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Coalition of major media outlets moves to unseal redactions on Trump-related Deutsche Bank document

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From Barack Obama to Ronald Reagan to Bill Clinton to George W. Bush, every U.S. president elected after the 1970s has publicly released their tax returns — every one except Donald Trump, who has said he will do so after an IRS audit is completed. Journalists, seeking information about Trump’s tax returns, have been pursuing Trump’s Deutsche Bank records — and on Wednesday, a coalition of major media organizations filed a motion in federal court to unseal redacted names on documents having to do with his taxes.

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The motion was submitted by attorneys representing a who’s-who of mainstream media outlets, including the Washington Post, the New York Times, the Associated Press (AP), CNN and Politico. And in their motion, they argued that the American public has a right to know what is in those documents.

The motion asserted, “Deutsche Bank recently informed the court that it has tax returns relating to some of the Trump-related entities or individuals, but redacted the names of these entities and/or individuals from its submission to the court. Through this motion, (the coalition) seek to enforce the public’s First Amendment and common law rights of access to judicial proceedings and the records therein — specifically, to unseal the redacted names so as to be able to inform the public which persons’ or entities’ tax returns are at issue in this litigation.”

Attorneys for Deutsche Bank have defended the redactions as being legally necessary in order to protect the privacy of clients. But the coalition of media organizations disagrees.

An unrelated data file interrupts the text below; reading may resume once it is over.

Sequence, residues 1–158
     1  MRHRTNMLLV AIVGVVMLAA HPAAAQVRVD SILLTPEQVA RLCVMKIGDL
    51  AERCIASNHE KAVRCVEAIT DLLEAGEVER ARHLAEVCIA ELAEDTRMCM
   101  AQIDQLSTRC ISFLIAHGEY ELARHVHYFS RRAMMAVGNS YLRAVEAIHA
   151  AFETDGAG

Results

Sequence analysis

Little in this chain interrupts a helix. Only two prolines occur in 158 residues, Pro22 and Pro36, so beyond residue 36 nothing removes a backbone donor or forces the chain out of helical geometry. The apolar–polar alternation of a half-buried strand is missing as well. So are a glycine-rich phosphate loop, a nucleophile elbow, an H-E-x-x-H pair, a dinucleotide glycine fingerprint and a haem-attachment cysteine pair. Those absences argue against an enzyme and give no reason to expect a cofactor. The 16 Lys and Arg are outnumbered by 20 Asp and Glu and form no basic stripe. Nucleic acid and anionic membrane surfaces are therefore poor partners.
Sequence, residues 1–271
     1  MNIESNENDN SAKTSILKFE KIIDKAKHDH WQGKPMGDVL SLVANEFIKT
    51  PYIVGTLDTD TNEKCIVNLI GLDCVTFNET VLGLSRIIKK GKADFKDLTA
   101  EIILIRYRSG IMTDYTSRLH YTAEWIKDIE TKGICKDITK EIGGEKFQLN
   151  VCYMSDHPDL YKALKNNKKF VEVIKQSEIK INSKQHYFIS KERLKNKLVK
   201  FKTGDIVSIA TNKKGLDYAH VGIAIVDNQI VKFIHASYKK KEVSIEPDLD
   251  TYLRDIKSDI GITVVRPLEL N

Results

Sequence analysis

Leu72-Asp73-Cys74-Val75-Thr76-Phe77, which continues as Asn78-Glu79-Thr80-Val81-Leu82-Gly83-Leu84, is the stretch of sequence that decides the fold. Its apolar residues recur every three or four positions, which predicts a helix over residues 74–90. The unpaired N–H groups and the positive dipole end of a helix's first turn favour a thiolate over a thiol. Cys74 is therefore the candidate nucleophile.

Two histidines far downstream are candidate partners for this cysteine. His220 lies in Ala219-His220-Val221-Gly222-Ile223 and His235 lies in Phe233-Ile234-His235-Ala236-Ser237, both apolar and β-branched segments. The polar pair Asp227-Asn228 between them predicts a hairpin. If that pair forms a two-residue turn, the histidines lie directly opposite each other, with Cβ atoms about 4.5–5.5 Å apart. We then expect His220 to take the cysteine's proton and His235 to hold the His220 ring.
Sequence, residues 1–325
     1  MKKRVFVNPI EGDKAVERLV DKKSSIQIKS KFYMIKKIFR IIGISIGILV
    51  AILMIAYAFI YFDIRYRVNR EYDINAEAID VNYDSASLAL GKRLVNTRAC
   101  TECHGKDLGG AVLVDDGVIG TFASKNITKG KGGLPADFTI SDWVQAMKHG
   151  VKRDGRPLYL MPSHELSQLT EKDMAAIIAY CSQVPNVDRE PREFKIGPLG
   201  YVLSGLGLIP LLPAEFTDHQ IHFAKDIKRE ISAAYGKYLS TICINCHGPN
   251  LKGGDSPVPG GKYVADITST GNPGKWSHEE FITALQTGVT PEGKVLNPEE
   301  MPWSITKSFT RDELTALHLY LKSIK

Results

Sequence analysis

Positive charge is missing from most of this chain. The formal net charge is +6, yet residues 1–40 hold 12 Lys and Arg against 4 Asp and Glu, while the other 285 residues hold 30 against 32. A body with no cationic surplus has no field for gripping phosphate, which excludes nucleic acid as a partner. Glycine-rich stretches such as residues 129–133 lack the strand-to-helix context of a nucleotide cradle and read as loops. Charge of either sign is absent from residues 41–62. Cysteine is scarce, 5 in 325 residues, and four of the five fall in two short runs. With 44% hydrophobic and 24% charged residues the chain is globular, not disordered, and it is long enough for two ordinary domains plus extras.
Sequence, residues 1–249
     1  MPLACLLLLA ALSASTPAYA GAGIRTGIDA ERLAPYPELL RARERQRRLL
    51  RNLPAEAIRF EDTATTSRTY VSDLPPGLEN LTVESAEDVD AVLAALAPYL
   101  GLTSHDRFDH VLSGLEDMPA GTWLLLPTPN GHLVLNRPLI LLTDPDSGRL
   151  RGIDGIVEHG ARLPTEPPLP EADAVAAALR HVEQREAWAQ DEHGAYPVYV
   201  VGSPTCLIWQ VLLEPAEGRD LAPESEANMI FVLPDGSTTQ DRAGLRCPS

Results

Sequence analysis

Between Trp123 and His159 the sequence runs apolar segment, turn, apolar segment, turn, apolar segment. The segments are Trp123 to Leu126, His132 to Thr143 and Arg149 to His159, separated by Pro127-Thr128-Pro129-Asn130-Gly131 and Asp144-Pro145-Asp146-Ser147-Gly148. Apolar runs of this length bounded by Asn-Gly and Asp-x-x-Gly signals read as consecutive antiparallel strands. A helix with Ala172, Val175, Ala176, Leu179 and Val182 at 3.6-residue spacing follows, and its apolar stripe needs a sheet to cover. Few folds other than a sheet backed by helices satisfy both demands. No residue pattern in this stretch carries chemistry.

In their motion, they explained, “There is no genuine privacy concern implicated by Deutsche Bank confirming what is already widely understood: that it has copies of certain of the president’s or his affiliates’ financial records. But it would set a disturbing precedent to allow redactions of such rudimentary facts to go unchallenged, particularly in a case involving a sitting president.”

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Trump flip-flops on meeting with Iran with ‘no preconditions’– then blames it on the media

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President Donald Trump went off on the "fake news media" yet again, after his own appointees announced he was willing to meet with Iran.

"The Fake News is saying that I am willing to meet with Iran, 'No Conditions.' That is an incorrect statement (as usual!)," Trump tweeted.

https://twitter.com/realDonaldTrump/status/1173371482812162048

In an odd twist, Trump announced just three months ago he'd be willing to meet with no preconditions.

“Not as far as I’m concerned – no preconditions,” the president said in a Meet the Press interview. At another point in the interview, he also said: “I think they want to make a deal. And my deal is nuclear.”

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Internet fears Trump’s ‘locked and loaded’ tweet about oil field bomb means he’s gearing up for war with Iran

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the largest U.S. oil producer can be brought to its knees with a drone carrying a bomb. President Donald Trump responded to intelligence that the drone didn't originate in Yemen, but rather from Iraq or Iran, by saying he was "locked and loaded."

"Saudi Arabia oil supply was attacked. There is reason to believe that we know the culprit, are locked and loaded depending on verification, but are waiting to hear from the Kingdom as to who they believe was the cause of this attack, and under what terms we would proceed!" Trump tweeted Sunday.

https://twitter.com/realDonaldTrump/status/1173368423381962752

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3 out of 9 companies in one state have filed for bankruptcy since Trump promised to ‘bring back coal’

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Donald Trump in coal hard hat thumbs up

President Donald Trump's promises to coal miners have fallen along with his other broken campaign promises. Another state is facing the harsh reality that Trump is not riding in on a white horse to save them.

According to Axios, three out of the nine coal companies in the Powder River Basin in northeastern Wyoming have filed for bankruptcy and another two companies are consolidating. Kentucky coal miners have been protesting Blackjewl, which filed for bankruptcy in July, withdrawing payroll dollars from miners' accounts. Little has been heard about the Wyoming workers as those companies crumble, however.

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